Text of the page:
Mechanistic Development of Decline Curves for Gas-Condensate Reservoirs
MetadataShow full item record
This study incorporates material balance, complex fluid behavior, reservoir characteristics, and well operating conditions into a mechanistic model to forecast production from gas-condensate reservoirs. The model can represent the behavior of the fluids and production from a gas-condensate reservoir, with considerations of condensate banking phenomena and adsorption, while running an order of magnitude faster than a commercial compositional reservoir simulator. The constant volume depletion (CVD) process serves as a basis to estimate production from gas-condensate reservoirs by coupling a robust phase-behavior calculation using a thermodynamic cubic equation of state (EOS) and radial flow equations. The mechanistic method developed in this project establishes the relationship between production and time. The CVD test is coded as a multicompositional molar-accounting program that simulates gas-condensate phase behavior. As near-wellbore and reservoir pressures drop below saturation pressure, in gas-condensate reservoir condensate banking occurs, hindering flow. The two-tank CVD approach developed in this work models the near-wellbore liquid saturation buildup caused by this phenomenon. The modified CVD provides a material balance base for the method. The backbone of this model is the vapor/liquid equilibrium (VLE) calculation with the Peng-Robinson equation of state (EOS). Produced fluid volumes are calculated with each CVD pressure decrease. Using this information coupled with the flow equation, the model can forecast production behavior. Cumulative oil and gas production comparisons between the results from this model and those from a compositional reservoir simulator show an average absolute error of around 4%. Oil and gas production rate forecasts from this model have an average absolute error of 15% from the compositional reservoir simulator forecasts. Comparison of results from this model with those from the commercial simulator shows the importance iii of considering condensate accumulation effects on productivity and accurately predicting flow from the gas-condensate reservoir. In the model, hydraulic fracture well completions are represented with an equivalent skin factor. In this case, the effect of condensate banking is less significance, and the new model produced results comparable to production forecasted by the commercial simulator. This model is unique because it uses the CVD process as a material balance basis to predict production. This process provides the physical basis for reservoir engineers to predict production behavior of a gas-condensate reservoir, instead of the empirically based predictions from conventional decline analysis. This simple tool can also be incorporated to the evaluating prospects before further in-depth reservoir studies are conducted.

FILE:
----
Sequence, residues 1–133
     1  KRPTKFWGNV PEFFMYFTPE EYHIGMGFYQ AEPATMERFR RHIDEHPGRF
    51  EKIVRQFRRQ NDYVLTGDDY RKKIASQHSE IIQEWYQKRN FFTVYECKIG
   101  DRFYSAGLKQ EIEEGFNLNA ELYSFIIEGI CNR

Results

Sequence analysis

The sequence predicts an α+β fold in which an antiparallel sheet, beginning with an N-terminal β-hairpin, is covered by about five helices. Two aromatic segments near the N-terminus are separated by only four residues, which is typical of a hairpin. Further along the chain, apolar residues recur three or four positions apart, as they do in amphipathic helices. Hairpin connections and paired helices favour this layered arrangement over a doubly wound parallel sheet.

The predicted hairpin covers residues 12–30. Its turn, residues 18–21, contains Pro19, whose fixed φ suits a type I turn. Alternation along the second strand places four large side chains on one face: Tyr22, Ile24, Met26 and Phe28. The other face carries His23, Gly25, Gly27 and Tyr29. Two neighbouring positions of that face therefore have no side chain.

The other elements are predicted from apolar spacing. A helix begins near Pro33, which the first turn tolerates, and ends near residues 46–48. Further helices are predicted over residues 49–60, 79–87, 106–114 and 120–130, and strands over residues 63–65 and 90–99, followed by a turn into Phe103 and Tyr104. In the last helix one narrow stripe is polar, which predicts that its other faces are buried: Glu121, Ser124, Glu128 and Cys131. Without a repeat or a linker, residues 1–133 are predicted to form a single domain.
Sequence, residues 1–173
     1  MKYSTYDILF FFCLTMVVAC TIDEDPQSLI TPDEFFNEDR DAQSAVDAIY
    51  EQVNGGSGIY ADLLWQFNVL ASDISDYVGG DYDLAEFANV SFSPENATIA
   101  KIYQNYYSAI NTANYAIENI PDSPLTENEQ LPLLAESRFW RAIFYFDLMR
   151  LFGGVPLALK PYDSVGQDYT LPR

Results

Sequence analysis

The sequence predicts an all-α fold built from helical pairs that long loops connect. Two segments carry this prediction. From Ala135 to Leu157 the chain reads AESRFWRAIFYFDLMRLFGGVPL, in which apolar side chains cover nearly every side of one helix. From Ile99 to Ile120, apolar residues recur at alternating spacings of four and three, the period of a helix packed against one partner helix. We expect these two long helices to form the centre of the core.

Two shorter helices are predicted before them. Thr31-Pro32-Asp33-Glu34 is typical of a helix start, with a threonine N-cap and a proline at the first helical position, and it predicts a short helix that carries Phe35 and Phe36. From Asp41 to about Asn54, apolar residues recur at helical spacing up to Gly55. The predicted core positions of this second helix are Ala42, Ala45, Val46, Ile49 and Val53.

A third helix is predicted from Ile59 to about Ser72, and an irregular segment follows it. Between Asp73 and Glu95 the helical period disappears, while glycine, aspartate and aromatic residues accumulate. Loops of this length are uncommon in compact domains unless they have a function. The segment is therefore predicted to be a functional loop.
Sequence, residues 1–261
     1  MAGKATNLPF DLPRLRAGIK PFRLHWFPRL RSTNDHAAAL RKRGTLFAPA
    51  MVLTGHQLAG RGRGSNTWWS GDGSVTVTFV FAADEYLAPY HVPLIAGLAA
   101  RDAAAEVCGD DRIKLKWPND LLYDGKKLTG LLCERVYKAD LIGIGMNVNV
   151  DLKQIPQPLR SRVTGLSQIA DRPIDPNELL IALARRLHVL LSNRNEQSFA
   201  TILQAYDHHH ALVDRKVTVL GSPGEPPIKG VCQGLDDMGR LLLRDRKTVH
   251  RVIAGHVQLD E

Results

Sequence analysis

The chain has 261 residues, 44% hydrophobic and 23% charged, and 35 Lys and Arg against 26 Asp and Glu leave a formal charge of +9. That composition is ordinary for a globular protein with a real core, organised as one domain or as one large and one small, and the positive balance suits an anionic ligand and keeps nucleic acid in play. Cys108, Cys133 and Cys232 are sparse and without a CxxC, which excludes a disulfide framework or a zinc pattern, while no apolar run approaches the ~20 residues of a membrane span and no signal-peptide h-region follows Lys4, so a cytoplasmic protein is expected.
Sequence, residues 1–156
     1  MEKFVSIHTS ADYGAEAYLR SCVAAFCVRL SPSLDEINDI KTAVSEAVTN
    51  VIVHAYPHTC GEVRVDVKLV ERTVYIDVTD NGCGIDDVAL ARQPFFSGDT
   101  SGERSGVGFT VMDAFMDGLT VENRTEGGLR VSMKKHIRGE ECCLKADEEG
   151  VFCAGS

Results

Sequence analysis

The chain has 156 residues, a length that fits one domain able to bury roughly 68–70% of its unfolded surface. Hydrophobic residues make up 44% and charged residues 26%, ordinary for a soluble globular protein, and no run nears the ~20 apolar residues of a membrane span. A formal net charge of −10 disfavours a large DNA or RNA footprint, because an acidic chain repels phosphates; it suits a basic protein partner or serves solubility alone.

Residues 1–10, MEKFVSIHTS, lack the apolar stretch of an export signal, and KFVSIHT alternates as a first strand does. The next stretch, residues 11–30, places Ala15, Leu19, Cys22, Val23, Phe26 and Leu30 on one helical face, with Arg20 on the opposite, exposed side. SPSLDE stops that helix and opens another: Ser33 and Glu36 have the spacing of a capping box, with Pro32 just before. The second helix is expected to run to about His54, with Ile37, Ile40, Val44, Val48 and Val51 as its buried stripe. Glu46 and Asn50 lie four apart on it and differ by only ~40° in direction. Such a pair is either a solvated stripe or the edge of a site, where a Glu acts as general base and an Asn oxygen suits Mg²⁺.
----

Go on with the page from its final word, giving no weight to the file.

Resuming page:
Ariwibowo, Riyan (2017). Mechanistic Development of Decline Curves for Gas-Condensate Reservoirs. Master's thesis, Texas A & M University. Available electronically from